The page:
As House investigators gear up for a new probe of Benghazi, one question they’ll likely pursue is what President Obama did or didn’t do on the night that the terrorist attack was unfolding 20 months ago.
While much attention has focused on Susan E. Rice’s “talking points” that blamed the Benghazi attack on an anti-Islam video, the White House has largely ducked questions about Mr. Obama’s actions during the crucial hours when U.S. officials were debating how, or whether, to rescue the Americans under attack at U.S. consulate in Libya.
Four U.S. citizens died, including Ambassador J. Christopher Stevens, the first U.S. ambassador to be killed in the line of duty since 1979.
The White House said Wednesday it has provided “remarkable cooperation” on seven previous congressional probes into Benghazi. And an Obama aide criticized a Republican fundraising email that mentioned the new probe, saying it’s evidence of a partisan witch hunt.
“I think that tells you just about all you need to know when it comes to assessing the political motivations of those who are leading the effort to form this committee,” said White House deputy press secretary Joshua Earnest.
But questions about Mr. Obama’s command decisions gained fresh prominence when a former White House national security aide, Tommy Vietor, said in a TV interview last week that Mr. Obama was not in the White House Situation Room around 10 p.m. on the night of the attack, when the president spoke by phone to then-Secretary of State Hillary Rodham Clinton.
Mr. Vietor, who was in the Situation Room, said the president was in the White House residence at the time of the call.
The White House has not specified what transpired in the Obama-Clinton discussion, which shortly preceded a statement from Mrs. Clinton that cited an anti-Islam video that turned out to have nothing to do with the terrorist attack.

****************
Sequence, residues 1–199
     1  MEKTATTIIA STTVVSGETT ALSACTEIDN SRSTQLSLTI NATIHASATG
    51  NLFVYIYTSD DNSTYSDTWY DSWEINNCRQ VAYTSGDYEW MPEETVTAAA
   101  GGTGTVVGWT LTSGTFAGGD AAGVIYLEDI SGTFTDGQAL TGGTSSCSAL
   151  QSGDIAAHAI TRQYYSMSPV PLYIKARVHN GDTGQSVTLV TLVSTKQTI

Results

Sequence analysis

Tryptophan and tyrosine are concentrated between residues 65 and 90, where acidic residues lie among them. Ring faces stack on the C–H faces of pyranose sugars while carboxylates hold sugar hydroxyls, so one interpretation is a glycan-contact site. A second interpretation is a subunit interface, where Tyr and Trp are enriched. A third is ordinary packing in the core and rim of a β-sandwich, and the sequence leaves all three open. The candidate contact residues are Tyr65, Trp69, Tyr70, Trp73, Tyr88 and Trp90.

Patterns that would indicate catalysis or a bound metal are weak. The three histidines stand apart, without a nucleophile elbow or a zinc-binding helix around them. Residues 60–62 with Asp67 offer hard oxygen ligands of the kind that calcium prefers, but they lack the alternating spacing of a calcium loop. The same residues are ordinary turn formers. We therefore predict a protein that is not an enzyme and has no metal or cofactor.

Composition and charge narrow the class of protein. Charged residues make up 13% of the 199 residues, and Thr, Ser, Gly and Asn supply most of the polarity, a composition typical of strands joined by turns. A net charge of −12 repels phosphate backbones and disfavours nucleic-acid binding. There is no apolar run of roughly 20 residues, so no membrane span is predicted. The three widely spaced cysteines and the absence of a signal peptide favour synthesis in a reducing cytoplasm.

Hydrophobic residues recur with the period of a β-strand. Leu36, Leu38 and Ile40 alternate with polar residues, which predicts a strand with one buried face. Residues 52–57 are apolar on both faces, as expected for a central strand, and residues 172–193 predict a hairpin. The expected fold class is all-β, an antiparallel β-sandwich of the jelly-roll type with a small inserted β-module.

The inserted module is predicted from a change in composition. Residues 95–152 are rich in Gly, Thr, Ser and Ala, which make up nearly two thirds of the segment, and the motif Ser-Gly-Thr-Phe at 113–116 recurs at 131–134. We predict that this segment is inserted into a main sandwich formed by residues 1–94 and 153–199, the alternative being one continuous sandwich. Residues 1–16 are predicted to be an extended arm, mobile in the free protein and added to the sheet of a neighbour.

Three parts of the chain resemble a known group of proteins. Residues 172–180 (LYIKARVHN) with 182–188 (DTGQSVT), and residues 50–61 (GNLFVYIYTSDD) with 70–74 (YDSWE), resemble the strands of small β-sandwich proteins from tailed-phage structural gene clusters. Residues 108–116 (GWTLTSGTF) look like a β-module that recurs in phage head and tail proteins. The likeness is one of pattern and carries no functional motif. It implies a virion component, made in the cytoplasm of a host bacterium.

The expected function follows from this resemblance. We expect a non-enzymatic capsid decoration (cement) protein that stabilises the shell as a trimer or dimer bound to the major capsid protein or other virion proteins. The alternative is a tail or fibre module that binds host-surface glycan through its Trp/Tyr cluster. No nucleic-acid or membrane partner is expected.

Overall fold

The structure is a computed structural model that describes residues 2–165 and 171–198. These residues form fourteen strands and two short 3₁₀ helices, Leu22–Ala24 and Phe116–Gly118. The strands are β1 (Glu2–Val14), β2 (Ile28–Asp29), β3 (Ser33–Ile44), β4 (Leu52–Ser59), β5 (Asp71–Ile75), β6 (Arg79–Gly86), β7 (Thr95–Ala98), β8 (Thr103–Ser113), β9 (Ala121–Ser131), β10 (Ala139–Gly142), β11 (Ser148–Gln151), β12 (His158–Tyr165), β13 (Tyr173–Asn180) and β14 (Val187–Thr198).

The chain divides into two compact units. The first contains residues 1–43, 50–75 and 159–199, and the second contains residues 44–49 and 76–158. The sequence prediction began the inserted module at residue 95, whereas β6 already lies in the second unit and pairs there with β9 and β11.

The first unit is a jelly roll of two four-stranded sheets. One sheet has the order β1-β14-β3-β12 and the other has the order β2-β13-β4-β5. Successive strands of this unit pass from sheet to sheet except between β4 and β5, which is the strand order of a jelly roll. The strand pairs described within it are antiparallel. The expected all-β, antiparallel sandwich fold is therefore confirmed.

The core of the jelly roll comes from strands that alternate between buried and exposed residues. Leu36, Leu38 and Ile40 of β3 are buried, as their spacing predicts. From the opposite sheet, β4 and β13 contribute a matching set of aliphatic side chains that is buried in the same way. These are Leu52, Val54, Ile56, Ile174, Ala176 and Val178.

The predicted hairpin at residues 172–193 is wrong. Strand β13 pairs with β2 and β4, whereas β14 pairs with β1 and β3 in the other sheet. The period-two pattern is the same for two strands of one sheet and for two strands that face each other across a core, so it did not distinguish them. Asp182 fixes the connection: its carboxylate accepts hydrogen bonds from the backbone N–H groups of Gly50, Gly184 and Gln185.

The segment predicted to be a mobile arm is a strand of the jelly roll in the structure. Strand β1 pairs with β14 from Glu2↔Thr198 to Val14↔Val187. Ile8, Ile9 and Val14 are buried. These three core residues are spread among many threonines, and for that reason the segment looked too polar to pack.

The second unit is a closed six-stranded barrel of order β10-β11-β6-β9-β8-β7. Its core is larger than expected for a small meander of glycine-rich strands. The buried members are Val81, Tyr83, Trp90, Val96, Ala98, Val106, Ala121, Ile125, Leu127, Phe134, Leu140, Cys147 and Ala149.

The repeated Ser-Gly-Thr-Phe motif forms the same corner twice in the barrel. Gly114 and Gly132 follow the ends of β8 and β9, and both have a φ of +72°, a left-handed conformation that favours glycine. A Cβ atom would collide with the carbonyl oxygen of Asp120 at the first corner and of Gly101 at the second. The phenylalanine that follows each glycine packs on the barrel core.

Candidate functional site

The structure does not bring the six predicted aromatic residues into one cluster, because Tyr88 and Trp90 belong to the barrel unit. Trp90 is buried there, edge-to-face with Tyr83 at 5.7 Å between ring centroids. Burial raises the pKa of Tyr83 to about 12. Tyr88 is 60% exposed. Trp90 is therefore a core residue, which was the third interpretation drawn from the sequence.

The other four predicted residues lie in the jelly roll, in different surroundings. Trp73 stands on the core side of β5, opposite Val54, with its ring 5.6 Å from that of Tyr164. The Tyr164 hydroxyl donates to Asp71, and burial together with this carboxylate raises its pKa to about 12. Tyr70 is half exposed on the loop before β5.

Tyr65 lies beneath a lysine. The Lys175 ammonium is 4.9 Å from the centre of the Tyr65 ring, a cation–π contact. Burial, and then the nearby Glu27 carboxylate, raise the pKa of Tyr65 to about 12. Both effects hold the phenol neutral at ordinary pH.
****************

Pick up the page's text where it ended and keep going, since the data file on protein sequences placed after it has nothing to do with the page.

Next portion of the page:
The Situation Room, equipped with secure videoconferencing screens and the technology to monitor world events around the clock, is the White House’s nerve center in a national security crisis. The public has seen glimpses of the secret facility only rarely, as when the White House released a photo in 2011 of the president, Mrs. Clinton and other top advisers monitoring in real time the military operation that killed Osama bin Laden in Pakistan.
Mr. Vietor’s comments have prompted some Republican senators to call on Mr. Obama to describe where he was and what he did on the night of Sept. 11, 2012.
“The American people still do not have an accounting of your activities during the attack. Mr. President, can you now confirm that Mr. Vietor’s account of your absence in the White House Situation Room is accurate?” said a letter from Sens. John McCain of Arizona, Lindsey Graham of South Carolina and Kelly Ayotte of New Hampshire.
A former Secret Service agent said it would have been unusual for the commander-in-chief not to be in the Situation Room during such a high-level crisis.
“If he was in the residence and not in the Situation Room, that’s a really big problem,” said Dan Bongino, who worked 12 years as an agent, including under Mr. Obama.
“The Situation Room has the communications channels set up the way it is to be a focal point of the ability to conduct an operation. If you’re not there, you’re out of it. You can have advisers come back and forth [to the residence], but think about what that says about the president. We’re talking about walking 150 yards from the residence to the ‘Sit Room’ to go make a decision. It speaks volumes about a commander-in-chief who was not being a chief or a commander,” Mr. Bongino said.
Mr. Bongino, who left the Secret Service in 2011, wrote a book last year about his experience in which he said Mr. Obama would have had “instantaneous access” to information about the Benghazi attack as it was happening.